Encyclopedia of Romantic Nationalism in Europe

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National music : Portuguese

  • MusicPopular culture (Folk music)Portuguese
  • Cultural Field
    Sight and sound
    Pinto, Rui Magno

    Fuelled by the 1880 celebrations of the tercentenary of Camões’s death and the Ultimatum of 1890, national consciousness increased in the last decades of the century; this also affected musical life, as a quest to identify and create a distinctly  “Portuguese music” preoccupied composers, musicians and music critics. In 1884-85, Joaquim José Marques used the occasion of the Lisbon première of Augusto Machado’s opera Laureanne to publish an article series on “national melody” and “national music”. Appearing in the newly established musical periodical Amphion, they addressed state indifference to art music and its public institutions; as such they followed  the denunciations, brought into currency by the Generation of 1870, of the decadence of Portuguese political, social and cultural institutions. Marques linked the “Portuguese national melody, so original and plangently modulated by our ancestors” to the libidinous lunduns and modinhas described by earlier foreign visitors and still subsisting, it was claimed, in brothels, taverns and prisons, performed to guitar accompaniment by fado singers and criminals, with erotic and vulgar lyrics and lascivious gestures. The sad loss of that unique and original Portuguese musical “character” (owing to the pernicious influence of operatic contrafacta) was also denounced by Marques in an extensive article published in the Revista de Estudos Livres in 1884-85.  In keeping with the positivist and republican outlook of the Revista de Estudos Livres, Marques followed, in proclaiming the uniqueness of the “national song”, the literary, historical and anthropological studies of the review’s main editor, Teófilo Braga. He adopted the ethnic nativism of that maître à penser, rejecting, for instance, for the folk song “São João de Beja”  not only the theories of Arab and Muslim musical descent, but also the idea of affinity with traditional Spanish chants. By the same logic, the author suggested more generally that the “Portuguese melody” was derived from the pre-Roman Turdetani tribe, and coeval folk songs, so it was asserted, had retained the  “original” Portuguese musical “character”.  Marques concluded with a call to collect, study and develop the folkloric and urban musical instances  of “national melody” as part of the country’s “musical nationalization”.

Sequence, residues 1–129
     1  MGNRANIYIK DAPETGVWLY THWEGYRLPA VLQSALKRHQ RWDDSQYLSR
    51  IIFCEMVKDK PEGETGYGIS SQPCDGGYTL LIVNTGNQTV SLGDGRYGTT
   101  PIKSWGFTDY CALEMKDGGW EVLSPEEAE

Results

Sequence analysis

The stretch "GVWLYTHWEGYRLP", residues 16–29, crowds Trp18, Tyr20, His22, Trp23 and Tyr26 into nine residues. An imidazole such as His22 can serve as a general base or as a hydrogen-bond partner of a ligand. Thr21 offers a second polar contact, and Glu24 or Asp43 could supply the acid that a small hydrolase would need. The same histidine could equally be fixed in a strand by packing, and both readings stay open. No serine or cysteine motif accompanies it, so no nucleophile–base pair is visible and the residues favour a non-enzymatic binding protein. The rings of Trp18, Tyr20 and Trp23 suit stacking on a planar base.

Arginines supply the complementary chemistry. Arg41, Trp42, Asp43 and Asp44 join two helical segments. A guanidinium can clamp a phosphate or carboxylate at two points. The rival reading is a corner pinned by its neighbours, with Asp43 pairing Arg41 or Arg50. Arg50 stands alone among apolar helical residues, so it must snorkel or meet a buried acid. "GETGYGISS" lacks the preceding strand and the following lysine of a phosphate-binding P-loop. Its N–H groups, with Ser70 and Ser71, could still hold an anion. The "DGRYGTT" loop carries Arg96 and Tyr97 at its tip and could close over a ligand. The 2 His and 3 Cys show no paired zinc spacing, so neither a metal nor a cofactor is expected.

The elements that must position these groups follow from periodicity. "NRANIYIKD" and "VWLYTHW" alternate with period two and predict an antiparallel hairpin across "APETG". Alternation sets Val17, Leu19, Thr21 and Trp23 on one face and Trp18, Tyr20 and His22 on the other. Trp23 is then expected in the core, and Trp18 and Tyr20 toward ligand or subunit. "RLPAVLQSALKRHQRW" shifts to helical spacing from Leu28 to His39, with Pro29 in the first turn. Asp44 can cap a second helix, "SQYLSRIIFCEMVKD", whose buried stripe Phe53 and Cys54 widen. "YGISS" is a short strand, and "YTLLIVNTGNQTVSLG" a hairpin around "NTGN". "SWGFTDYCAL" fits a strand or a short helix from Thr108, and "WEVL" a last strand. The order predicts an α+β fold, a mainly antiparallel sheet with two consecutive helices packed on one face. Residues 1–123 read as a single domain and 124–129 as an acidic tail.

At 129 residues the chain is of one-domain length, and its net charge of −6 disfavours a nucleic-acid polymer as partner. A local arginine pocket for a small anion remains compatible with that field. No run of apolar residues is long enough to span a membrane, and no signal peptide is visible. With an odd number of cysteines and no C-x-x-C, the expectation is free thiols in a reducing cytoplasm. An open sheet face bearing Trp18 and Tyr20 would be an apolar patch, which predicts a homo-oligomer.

Distinguishing between “popular” and “popularized” themes, Greenfield de Melo in 1890 also called for an immediate and thorough collection and genealogical study of those “ancient”, “spontaneous”, “characteristic” and “anonymous” songs which were kept alive, in their “primordial and genuine expression”, by the country’s remote communities (but exposed, even there, to the withering influence of cosmopolitan urban songs). Mentioning Alfredo Keil’s Donna Bianca (1886; an opera on Almeida Garrett’s Donna Branca), Melo denounced the neglect and heedlessness concerning popular songs in musical circles. Conversely, João de Melo  Barreto in 1891 found folk songs unsuitable for Portuguese opera owing to their lack of “artistic taste” and their “insignificance”, and instead argued that Portuguese opera could gather  its national character from the use of Portuguese historical themes and the choice of language for the libretto. Another Amphion contributor, the composer and prominent music critic Júlio Neuparth, replied in the same and the following year that such requirements, while patriotic in nature, fell short of founding either a Portuguese national opera or instrumental music style: for that purpose, recourse to the nation’s ancient, “characteristic” and “spontaneous” genre, the repository of traditional folk and urban songs, was indispensable. Like-minded critics, such as Manuel Ramos, denounced the self-alienating importing of foreign models and instead pointed to the collection published by Adelino das Neves e Melo in 1872, as well as some printed songs and fados (failing to mention the earlier Álbum de músicas nacionais portuguesas, arranged for piano or voice and piano by João António Ribas in 1857).